‘Babyface’ catalyzes ascension of African-American CEOsMay 1st, 2009 - 2:51 pm ICT by IANS
Washington, May 1 (IANS) Even as Obama commemorates his 100th day as the country’s first African-American president, a new study examines the intersection of race and power in corporate America.
African-American CEOs categorized as having a babyface tend to be at the helm of more prestigious corporations than black CEO’s who have a more mature appearance.
Searching for traits common to African-American CEOs, researchers demonstrated that babyfaces and perceived warmer physical appearances can act as disarming mechanisms within the social hierarchy.
“Prior research has shown babyface-type traits are a liability for those striving for a leadership role because they undermine perceptions of competence, but these studies focused on white males,” said Livingston, study co-author and professor of management at the Kellogg School of Management.
“Because a babyface is disarming, we hypothesized that it would provide an advantage to black leaders who have a history of being stigmatized as too threatening to occupy positions of high power.”
The researchers identified several traits associated with “babyfaceness” including a rounder face, larger forehead, smaller nose, larger ears and fuller, pouty lips.
Despite these individual features, babyface is a “gestalt” or whole that is easily recognizable by people. Babyfaceness is an attribute that generalizes across regions, ethnicities, gender and even species, as identified by social psychologists.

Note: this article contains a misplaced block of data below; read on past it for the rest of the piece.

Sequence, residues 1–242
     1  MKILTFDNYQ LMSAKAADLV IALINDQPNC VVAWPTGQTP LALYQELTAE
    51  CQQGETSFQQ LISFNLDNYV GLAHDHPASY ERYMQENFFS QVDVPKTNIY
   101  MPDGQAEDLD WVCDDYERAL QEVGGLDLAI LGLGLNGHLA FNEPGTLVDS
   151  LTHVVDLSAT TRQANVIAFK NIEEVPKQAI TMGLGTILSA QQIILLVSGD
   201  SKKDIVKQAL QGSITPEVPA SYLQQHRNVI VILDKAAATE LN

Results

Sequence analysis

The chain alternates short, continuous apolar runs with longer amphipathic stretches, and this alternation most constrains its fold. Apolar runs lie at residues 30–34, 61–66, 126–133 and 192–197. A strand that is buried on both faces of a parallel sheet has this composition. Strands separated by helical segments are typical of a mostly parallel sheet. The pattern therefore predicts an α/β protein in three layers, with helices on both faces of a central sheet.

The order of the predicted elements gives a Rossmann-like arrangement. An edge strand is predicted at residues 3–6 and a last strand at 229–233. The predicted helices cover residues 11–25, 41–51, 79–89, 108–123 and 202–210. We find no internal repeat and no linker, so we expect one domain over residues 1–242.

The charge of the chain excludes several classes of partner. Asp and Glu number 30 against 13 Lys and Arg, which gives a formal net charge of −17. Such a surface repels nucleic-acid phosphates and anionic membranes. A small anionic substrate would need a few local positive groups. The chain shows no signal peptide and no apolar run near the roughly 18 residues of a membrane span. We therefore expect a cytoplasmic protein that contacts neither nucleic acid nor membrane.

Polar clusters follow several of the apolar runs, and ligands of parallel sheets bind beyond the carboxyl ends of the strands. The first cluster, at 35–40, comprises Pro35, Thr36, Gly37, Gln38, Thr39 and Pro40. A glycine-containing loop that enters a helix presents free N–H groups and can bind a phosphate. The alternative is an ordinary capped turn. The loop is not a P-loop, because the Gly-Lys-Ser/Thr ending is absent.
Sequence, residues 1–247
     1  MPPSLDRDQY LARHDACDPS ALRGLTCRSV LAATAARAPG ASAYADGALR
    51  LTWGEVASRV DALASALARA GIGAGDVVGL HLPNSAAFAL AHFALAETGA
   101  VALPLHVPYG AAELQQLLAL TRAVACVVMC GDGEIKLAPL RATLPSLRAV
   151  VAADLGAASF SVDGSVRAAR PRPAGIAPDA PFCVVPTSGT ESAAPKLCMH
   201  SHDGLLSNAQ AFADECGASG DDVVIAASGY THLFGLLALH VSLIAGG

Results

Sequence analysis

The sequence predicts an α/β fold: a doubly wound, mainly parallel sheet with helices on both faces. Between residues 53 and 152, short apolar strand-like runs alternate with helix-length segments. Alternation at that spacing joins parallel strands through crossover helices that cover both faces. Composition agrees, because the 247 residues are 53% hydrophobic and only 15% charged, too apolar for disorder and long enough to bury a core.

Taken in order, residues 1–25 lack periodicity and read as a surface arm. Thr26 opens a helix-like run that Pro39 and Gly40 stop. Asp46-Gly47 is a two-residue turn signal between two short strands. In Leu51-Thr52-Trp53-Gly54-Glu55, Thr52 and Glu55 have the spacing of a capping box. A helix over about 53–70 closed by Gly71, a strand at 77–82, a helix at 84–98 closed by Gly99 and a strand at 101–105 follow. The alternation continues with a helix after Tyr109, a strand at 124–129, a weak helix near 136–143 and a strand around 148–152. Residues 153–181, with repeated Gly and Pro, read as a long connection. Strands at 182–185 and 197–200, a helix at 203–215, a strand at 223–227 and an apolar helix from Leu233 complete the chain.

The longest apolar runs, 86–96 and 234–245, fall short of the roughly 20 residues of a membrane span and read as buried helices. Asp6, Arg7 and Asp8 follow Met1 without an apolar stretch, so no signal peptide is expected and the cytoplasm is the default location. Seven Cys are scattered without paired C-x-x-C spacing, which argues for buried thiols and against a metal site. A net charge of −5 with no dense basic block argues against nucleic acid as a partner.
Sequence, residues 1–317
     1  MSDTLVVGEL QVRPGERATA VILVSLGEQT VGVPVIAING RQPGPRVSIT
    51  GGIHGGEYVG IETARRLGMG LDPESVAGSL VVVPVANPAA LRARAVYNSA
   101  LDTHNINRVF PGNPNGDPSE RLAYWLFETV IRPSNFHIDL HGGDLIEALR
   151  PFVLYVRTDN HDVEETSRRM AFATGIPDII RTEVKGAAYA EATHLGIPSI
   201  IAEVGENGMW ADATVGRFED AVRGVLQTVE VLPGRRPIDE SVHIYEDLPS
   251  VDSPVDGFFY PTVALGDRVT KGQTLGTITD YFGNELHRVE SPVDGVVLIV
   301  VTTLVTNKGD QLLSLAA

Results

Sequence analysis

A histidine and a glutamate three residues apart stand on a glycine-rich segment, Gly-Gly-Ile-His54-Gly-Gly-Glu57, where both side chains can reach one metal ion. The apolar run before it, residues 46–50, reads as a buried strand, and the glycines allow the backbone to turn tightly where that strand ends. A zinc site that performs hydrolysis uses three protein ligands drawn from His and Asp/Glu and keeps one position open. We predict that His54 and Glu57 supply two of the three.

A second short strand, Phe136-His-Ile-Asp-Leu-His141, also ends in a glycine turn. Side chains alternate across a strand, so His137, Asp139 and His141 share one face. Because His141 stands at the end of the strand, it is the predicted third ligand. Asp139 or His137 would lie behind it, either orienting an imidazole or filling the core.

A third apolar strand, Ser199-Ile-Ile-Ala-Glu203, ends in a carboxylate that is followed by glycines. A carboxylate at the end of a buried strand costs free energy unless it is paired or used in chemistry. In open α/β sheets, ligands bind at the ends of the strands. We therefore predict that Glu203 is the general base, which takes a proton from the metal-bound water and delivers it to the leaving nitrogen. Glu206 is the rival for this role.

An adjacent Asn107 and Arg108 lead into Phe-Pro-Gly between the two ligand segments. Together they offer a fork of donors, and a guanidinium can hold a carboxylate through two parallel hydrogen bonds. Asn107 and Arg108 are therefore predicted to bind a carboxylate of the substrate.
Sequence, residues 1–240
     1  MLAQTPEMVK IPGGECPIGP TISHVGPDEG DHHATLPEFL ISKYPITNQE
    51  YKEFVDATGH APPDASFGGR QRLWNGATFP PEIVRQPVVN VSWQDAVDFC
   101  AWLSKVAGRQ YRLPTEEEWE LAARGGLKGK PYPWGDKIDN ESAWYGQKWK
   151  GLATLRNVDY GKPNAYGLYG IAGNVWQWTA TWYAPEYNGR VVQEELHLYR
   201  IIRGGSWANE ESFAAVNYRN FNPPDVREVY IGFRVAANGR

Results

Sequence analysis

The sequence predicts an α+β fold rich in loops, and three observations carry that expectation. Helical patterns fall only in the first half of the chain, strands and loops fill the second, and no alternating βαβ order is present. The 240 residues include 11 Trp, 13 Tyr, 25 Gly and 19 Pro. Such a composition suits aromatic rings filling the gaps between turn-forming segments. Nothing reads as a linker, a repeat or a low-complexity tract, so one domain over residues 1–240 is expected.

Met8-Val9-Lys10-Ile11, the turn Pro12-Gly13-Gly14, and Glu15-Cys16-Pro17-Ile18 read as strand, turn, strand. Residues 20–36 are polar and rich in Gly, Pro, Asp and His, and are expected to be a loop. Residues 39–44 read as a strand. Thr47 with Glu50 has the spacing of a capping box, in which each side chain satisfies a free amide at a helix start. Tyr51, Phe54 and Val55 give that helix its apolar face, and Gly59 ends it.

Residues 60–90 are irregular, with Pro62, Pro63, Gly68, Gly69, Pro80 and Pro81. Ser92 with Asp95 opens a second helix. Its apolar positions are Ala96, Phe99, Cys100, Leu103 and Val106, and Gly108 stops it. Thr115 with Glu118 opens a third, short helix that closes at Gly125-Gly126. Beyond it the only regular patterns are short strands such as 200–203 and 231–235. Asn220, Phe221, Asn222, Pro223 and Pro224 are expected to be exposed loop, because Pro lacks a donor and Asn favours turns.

There is a universal, evolutionary response to babies across all cultures because infants require special care, attention, and nurturing in order to survive.
This adaptive response to infants is over-generalized to adults who have features that resemble babies. The result is that babyfaced adults are treated differently compared to mature faced adults: babyfaced adults are considered more warm, innocent and trustworthy.
Non-black women and men were shown 40 head shot photos of black men and white women and men. Though the faces were not recognized by participants, all were current or former CEOs of Fortune 500 companies.
Participants were asked to rate how babyfaced, how attractive, and also how old, each person appeared. They also rated each in terms of perceived personality traits, said a Kellogg release.
For example, how warm did a person appear? How competent would they be as a leader? Participants were then asked to use those same personality criteria to rate, in general, how they perceive blacks and whites. Finally, participants guessed how much money each person earned.
The findings are slated for publication in Psychological Sciences.
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